• Keep abreast of changes and developments in the AI space, which might include subscribing to newsletters and attending webinars or conferences.
  • Understand the adage “no risk no return” and how it applies when implementing AI in your practice. Recognize that the potential benefits far outweigh the possible risks.
  • Develop internal AI best practices as part of your law firm’s overall technology strategy.

AI technology is only a small part of the overall solution for most law firms. Successful integration also includes a foundation of structured and relevant data, defined processes and procedures, a willingness to interact and understand the AI system, a flexible internal culture open to change and growth, and the necessary skills and technical knowledge to support AI systems and their users.

Moreover, while AI may offer lawyers leading data-driven tools to provide efficient and impactful legal counsel to clients, generate forecasts of litigation outcomes, determine trends and patterns from past case law and more, AI is still not a substitute for a lawyer’s own instinct, judgment and personal rapport with clients. For instance, computers cannot perform tasks that require emotional intelligence, and they can’t counsel in a courtroom.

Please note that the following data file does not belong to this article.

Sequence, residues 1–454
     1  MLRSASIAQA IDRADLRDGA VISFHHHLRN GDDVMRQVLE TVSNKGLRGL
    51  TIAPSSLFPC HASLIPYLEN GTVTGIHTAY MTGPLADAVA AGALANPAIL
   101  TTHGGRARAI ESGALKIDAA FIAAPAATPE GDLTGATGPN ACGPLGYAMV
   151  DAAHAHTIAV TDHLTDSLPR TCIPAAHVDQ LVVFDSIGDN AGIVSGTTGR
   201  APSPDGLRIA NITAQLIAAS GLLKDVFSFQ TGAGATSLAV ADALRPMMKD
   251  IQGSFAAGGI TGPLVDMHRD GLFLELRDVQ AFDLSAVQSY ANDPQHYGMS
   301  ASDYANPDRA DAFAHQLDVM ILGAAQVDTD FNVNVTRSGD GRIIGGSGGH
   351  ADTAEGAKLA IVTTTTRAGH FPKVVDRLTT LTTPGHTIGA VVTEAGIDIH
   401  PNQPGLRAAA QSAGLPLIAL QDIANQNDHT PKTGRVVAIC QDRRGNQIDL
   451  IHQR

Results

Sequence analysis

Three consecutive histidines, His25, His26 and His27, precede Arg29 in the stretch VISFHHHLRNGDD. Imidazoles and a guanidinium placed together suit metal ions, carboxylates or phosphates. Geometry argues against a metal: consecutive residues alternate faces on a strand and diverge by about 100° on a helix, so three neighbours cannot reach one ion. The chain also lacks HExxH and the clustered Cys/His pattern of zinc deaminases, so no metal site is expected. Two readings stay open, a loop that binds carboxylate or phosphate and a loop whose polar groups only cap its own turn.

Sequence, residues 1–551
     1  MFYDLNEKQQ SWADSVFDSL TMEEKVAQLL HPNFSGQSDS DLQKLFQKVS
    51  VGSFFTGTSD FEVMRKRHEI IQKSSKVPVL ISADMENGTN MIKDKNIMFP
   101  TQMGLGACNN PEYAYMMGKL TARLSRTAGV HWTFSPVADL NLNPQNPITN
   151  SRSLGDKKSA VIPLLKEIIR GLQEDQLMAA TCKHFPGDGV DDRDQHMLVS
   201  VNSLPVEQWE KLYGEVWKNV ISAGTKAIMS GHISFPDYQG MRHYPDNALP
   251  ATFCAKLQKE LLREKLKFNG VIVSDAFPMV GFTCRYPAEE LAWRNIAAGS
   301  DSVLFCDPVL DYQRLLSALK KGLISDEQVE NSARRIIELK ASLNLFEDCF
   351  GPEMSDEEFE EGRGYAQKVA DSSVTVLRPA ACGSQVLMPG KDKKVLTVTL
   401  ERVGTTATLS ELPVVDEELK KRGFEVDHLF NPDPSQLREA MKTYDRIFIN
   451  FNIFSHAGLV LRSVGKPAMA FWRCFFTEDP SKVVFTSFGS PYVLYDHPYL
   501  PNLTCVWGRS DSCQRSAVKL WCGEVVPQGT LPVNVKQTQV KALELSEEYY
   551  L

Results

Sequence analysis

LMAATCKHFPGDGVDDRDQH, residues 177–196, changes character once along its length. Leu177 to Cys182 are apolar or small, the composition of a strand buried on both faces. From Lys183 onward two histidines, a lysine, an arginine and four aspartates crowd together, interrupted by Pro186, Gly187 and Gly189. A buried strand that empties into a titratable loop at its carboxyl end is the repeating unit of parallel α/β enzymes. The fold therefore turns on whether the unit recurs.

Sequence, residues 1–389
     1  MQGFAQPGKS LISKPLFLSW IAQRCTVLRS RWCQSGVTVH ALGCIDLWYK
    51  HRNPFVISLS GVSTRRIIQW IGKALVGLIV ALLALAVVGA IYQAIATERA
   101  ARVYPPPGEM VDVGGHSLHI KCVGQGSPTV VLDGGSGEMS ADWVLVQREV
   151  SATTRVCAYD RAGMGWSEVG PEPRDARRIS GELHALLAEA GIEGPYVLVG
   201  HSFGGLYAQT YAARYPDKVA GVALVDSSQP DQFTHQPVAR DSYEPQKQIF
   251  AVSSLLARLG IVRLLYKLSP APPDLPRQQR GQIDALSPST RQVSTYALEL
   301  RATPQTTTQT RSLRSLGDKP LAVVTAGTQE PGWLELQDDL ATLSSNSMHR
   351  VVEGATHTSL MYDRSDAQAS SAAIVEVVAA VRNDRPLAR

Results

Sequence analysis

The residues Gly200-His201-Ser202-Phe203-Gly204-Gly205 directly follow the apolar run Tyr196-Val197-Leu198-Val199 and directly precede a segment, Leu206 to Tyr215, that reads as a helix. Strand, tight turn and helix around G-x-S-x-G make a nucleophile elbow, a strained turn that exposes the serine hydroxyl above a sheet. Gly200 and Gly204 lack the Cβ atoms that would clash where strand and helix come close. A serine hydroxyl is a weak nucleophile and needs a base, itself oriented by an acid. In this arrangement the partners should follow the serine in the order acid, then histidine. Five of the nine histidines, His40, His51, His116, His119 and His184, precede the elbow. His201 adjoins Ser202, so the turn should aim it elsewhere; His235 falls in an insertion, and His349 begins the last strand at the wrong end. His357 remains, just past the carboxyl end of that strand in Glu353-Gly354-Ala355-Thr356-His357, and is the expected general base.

It’s also important to reiterate that AI enhances, rather than replacing the work done by lawyers, and AI and legal technology will not automate lawyers out of existence any time soon. AI’s ability to perform discrete tasks does not extend to the far-ranging skill sets that attorneys bring to their practice. The real value for law firms, lawyers and staff is in combining the efficiency of AI applications with the expertise, emotional intelligence, and creativity of lawyers.

Conclusion

For law firms that embrace AI, legal work will become more methodical and efficient. It is up to each firm to shepherd in new AI technology to realize the greatest benefits. Those that commit to reduced manual- and labor-intensive tasks, higher customer retention, reduced costs, and more accurate decisions and work output, will no doubt rise above law practices that choose to remain grounded in the status quo, as AI systems make it easier for law firms to gain a strategic advantage in the industry.

ROSS is an advanced legal research tool that harnesses the power of artificial intelligence to make the research process more efficient.